“Curtis,” with kid brother Barry, enjoys going to church, mostly to chuckle at the ladies’ fancy hats and to get a glimpse of his girlfriend Michelle singing in the choir.

The Bible

Mother Goose: “And the last shall be first,” reads Mother Goose from the Bible.
“Try telling that to a sled dog,” responds Grimm.  
(“Mother Goose and Grimm”, 10-30-01)

“What are you doing with that marker?” asks young Nelson.
“I’m highlighting some of my favorite Bible passages,” replies Opal Pickles.
“Ah, that’s what I thought,” says Nelson. “Grandpa said you were crossing out the parts you didn’t like.”
(“Pickles” 3-10-2002)

“What are you reading?” asks waitress Roz.
“The Bible,” replies Shoe.
“Looking for inspiration?”
Shoe: “No ...loopholes.”
(“Shoe” 8-1-2002)

Specific Strips

Wiley Miller’s Sunday “Non Sequitur” page introduced the character Homer who is dispatched to earth and given various lives in various eras by God, who sits at a computer.

Tim Downs, artist of  “Downstown” in the 1980’s, was also a traveling lecturer for Campus Crusade for Christ, and many of his strips carried a religious theme. Concerned about moral relativism and inspired by evangelical theologian Francis Schaeffer, Downs created the character Captain Relative who expects to be paid in cash for his good deeds.
“One of Downs’ most clever and profound series occurred Christmas (1981), when he depicted children asking hard questions about Santa Claus. One boy wrote earnestly to the North Pole: ‘They say you know if we’ve been sleeping; you know if we’re awake. Doesn’t this demand omnipresence? You know if we’ve been bad or good. This implies your authority to assign moral absolutes. Are you aware of the staggering theological implications of these claims?’” (1)  

Roger Bradfield’s “Dooley’s World” form the 1970’s often interjected a Biblical teaching.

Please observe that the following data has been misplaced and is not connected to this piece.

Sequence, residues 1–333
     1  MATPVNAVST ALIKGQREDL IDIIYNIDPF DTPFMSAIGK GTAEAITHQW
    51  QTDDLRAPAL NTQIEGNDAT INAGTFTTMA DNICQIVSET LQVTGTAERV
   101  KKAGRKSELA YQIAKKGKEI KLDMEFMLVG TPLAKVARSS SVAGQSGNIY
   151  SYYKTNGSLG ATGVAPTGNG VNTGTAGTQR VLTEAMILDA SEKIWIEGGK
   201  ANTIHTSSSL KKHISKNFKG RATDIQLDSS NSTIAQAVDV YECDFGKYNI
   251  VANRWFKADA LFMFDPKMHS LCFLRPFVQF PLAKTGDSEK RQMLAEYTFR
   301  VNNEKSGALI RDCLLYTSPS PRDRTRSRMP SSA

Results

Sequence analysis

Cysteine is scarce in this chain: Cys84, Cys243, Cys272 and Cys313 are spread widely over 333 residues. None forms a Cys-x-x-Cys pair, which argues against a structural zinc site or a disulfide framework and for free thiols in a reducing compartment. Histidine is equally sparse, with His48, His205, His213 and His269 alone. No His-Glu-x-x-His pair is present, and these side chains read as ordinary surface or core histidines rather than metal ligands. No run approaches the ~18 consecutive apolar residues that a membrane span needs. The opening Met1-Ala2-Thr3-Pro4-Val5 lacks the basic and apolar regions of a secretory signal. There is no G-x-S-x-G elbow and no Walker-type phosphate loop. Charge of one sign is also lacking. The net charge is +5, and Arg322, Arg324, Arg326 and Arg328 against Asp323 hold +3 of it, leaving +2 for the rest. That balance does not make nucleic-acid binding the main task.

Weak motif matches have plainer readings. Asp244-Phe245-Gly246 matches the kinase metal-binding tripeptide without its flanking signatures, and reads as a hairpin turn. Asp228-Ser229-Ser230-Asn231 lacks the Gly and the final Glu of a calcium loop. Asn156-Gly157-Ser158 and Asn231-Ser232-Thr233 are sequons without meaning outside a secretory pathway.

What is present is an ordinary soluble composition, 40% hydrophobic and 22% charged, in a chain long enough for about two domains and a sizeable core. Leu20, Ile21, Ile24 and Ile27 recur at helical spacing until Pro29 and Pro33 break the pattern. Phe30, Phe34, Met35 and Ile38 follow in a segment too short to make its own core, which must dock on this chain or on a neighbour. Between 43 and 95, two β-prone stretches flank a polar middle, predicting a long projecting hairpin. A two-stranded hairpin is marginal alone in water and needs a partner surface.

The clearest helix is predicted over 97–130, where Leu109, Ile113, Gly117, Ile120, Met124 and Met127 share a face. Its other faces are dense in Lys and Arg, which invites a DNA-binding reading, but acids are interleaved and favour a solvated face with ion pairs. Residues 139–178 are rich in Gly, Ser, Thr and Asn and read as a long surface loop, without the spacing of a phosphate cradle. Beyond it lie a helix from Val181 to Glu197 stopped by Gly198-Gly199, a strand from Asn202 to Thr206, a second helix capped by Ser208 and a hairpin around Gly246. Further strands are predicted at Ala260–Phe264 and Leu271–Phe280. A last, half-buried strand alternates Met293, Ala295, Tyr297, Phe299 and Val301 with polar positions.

When Thelma, the aggressive rag doll knocks down the other toys, Max the mouse exclaims, “Thelma! Haven’t you ever heard of the golden rule?”
“Of course..Do unto others as you would!”
“Didn’t she leave something out?” asks the mouse.  

Various strips have led readers to look for an interpretation, a deeper meaning.
“The popular strip ‘Calvin and Hobbes’ features a little boy and his stuffed tiger,”
wrote Colson. “...The title plays off the names of John Calvin, the great Reformation leader, and Thomas Hobbes, an English philosopher. These historical figures believed that human nature is depraved. The little boy portrays on a childish level the sin and weakness our flesh is heir to.”  (2)

For many years December “Peanuts” strips focused on the kids’ involvement in a Christmas pageant, with Linus quoting the nativity account from Luke, chapter two.
The consistent Biblical input of cartoonist Charles Schulz led theologian Robert Short to write the book “The Gospel According to Peanuts.”  According to Short, Linus is the intellectual and the miniature theologian, often quoting the Bible to his sister, sometimes generating unusual questions (“If you hold your hands upside down when you pray, do you get the opposite of what you prayed for?”) Furthermore, Charlie Brown is the oft-failing everyman, Lucy is a portrait of “original sin,” and Snoopy is the saint, the happy, dancing, spreader of love.

“The inability of the Peanuts kids to produce any radical change in themselves – or in each other – for the better is a constant ‘Peanuts’ theme…The classic ‘Peanuts’ commentary on this rather pessimistic view of human nature is the running gag every year when Charlie Brown’s courageous  views on man’s freedom and goodness are brought back to earth by Lucy.”  (Short) (3)